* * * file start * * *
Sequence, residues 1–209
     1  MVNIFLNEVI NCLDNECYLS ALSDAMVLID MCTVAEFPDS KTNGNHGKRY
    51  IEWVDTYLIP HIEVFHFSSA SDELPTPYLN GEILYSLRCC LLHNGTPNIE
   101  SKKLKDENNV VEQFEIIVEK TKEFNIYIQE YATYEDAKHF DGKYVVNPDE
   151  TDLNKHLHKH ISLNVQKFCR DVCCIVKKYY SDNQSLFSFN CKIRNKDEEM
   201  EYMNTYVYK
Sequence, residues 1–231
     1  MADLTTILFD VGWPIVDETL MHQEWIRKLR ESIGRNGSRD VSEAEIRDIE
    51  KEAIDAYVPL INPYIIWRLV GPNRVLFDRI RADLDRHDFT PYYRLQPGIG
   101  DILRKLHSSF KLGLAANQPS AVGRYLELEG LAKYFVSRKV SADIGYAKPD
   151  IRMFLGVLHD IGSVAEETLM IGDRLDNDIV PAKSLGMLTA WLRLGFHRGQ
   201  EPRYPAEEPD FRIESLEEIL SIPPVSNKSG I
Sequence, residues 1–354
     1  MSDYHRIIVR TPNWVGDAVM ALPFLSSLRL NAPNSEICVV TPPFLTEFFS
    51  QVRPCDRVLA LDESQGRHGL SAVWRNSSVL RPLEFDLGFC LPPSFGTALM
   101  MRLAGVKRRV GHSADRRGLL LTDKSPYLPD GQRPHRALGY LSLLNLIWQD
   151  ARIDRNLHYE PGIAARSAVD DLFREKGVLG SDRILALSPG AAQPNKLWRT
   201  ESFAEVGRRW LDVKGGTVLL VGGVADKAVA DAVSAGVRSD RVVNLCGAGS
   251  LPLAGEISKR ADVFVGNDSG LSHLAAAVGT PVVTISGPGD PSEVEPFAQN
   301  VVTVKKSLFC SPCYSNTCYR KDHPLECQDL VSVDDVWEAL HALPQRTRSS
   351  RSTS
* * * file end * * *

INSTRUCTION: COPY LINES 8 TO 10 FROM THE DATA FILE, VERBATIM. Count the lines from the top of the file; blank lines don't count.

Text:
     1  MADLTTILFD VGWPIVDETL MHQEWIRKLR ESIGRNGSRD VSEAEIRDIE
    51  KEAIDAYVPL INPYIIWRLV GPNRVLFDRI RADLDRHDFT PYYRLQPGIG
   101  DILRKLHSSF KLGLAANQPS AVGRYLELEG LAKYFVSRKV SADIGYAKPD